People of Beyond the exome
Prof. Dr.-Ing. Uwe Ohler
Institutes of Biology and Computer Science
Humboldt-Universität zu Berlin
Unter den Linden 6
D-10099 Berlin, Germany
Phone: +49 (0)30 9406 1810
FAX: +49 (0)30 9406 1752
Uwe Ohler, Dr.-Ing, has been a senior group leader at the Max Delbrueck Center in Berlin since 2012 and is appointed as full professor in the Department of Biology (primary) and the Department of Computer Science (secondary) at Humboldt University Berlin. He studied computer science with a minor in biology at the University of Erlangen-Nuremberg in Germany, graduating in 1996. While being a student, he became fascinated with computational biology during a research internship involving computational DNA sequence analyis. In 1998, he started his PhD research at the Chair for Pattern Recognition (Professor Heinrich Niemann) at the same university. He was a Boehringer Ingelheim pre-doctoral fellow from 1998-2001 and a visiting researcher with the Berkeley Drosophila Genome Project (Professor Gerald Rubin). He obtained his PhD with distinction in 2002 for the McPromoter system for computational identification of promoters in eukaryotic genomes. Before returning to Germany, Uwe lived in the US for more than a decade and followed his interests in gene regulation and applied machine learning. From 2002-2004, he worked as a postdoctoral researcher in the Department of Biology (Professor Chris Burge) at the Massa-chusetts Institute of Technology, where he was also a member of the cross-departmental Computational and Systems Biology Initiative. In 2005, he joined the faculty of the Institute of Genome Sciences & Policy at Duke University, Durham NC, USA, where he received tenure in 2011. He taught in the cross-departmental graduate program in Computational Biology & Bioinformatics, and was core faculty of the Duke Center for Systems Biology. During this time, he received fellowships from the Alfred P Sloan Foundation, as well as HFSP, NSF CAREER, and NIH Transformative Research awards. In Berlin, his group now combines experimental high-throughput genomics lab work with computational approaches. Members of the group utilize the resulting large datasets to gain insights on transcriptional and post-transcriptional regulatory mechanisms. Current research projects are funded by multiple BMBF and DFG awards. Uwe is a member of the Berlin Center for Machine Learning (www.bzml.de) and co-director of two cross-institutional graduate training programs, the Helmholtz Einstein International Berlin Research School in Data Science (www.heibrids.berlin) and the DFG-funded International Research Training Group with Duke University on “Dissecting and Re-Engineering the Regulatory Genome” (www.regulatory-genome.org).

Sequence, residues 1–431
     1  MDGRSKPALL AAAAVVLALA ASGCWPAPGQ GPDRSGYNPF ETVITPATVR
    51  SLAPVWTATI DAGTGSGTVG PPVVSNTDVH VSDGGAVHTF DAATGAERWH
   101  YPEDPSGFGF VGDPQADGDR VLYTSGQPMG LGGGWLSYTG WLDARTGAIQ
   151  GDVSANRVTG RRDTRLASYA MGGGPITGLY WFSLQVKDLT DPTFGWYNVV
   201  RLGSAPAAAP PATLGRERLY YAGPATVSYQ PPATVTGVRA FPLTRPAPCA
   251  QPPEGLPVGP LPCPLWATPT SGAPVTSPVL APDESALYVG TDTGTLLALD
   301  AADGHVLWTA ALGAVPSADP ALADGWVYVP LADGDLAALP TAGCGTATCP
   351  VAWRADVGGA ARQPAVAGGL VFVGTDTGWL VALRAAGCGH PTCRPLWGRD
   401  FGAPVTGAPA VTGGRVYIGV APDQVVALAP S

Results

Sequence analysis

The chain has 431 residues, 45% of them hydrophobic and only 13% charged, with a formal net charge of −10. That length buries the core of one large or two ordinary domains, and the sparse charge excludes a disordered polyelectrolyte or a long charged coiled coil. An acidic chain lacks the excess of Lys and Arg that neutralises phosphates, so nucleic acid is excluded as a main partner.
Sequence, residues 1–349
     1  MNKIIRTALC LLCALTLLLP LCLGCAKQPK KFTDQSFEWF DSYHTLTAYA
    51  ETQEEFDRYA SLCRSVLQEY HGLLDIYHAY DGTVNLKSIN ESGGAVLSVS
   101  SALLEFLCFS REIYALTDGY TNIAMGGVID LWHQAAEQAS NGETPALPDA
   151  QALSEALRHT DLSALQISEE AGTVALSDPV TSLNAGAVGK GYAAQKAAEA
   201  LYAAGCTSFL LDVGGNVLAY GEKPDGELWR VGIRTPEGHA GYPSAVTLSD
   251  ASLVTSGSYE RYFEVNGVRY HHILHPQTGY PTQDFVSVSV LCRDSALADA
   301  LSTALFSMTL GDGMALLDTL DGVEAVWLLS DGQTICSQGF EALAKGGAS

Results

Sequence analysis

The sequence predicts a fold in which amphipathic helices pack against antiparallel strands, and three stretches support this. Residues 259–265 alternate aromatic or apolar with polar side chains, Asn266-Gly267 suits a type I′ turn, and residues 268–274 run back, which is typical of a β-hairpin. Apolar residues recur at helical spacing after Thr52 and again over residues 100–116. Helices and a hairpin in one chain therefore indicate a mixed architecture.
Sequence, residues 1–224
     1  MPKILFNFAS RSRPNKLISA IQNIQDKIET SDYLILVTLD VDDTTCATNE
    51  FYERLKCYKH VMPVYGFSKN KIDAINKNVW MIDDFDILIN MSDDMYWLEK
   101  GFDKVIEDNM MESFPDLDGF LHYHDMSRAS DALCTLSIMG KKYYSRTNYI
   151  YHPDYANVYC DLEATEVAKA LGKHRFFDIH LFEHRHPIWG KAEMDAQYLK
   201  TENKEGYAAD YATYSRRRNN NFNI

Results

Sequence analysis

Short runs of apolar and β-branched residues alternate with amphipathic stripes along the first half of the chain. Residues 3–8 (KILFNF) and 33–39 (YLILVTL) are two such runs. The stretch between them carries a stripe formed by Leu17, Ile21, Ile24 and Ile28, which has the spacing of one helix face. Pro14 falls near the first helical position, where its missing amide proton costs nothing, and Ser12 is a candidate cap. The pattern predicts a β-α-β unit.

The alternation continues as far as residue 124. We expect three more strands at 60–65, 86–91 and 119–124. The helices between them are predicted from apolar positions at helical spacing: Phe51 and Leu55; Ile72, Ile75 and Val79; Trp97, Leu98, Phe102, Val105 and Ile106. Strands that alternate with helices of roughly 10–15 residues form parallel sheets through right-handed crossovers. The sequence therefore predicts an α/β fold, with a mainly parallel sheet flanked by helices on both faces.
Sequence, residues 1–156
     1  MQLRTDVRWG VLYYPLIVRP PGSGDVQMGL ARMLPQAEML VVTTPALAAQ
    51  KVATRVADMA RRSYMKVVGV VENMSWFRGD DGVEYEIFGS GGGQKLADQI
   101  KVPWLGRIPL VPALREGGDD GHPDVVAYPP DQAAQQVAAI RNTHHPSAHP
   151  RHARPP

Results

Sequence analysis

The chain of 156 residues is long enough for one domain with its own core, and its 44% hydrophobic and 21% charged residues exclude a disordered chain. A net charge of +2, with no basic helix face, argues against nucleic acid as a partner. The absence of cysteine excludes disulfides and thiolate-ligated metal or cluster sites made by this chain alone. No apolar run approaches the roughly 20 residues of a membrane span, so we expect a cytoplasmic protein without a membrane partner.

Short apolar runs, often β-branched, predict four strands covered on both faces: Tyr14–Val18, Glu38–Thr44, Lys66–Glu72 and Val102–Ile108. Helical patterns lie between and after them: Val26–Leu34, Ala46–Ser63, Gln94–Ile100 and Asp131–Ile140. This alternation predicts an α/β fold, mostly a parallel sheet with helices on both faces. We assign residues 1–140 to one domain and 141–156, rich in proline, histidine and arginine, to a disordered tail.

Mukherjee N, Calviello L, Hirsekorn A, de Pretis S, Pelizzola M, Ohler U. Integrative classification of human coding and noncoding genes through RNA metabolism profiles. Nat Struct Mol Biol 2017;24:86-96.
Calviello L, Mukherjee N, Wyler E, Zauber H, Hirsekorn A, Selbach M, Landthaler M, Obermayer B, Ohler U. Detecting actively translated open reading frames in ribosome profiling data. Nat Methods 2016;13:165-70.
Duttke S, Lacadie SA, Ibrahim MM, Glass CK, Corcoran DL, Benner C, Heinz S, Kadonaga JT*, Ohler U*. Human promoters are intrinsically directional. Mol Cell 2015;57:674-684
Natarajan A, Yardimci GG, Sheffield NC, Crawford GE*, Ohler U*. Predicting cell-type specific gene expres-sion from regions of open chromatin. Genome Res 2012;22:1711-1722
Ascano M Jr, Mukherjee N, Bandaru P, Miller JB, Nusbaum JD, Corcoran DL, Langlois C, Munschauer M, Dewell S, Hafner M, Williams Z, Ohler U*, Tuschl T*. FMR1 targets distinct mRNA sequence elements to regulate pro-tein expression. Nature 2012;492:382-386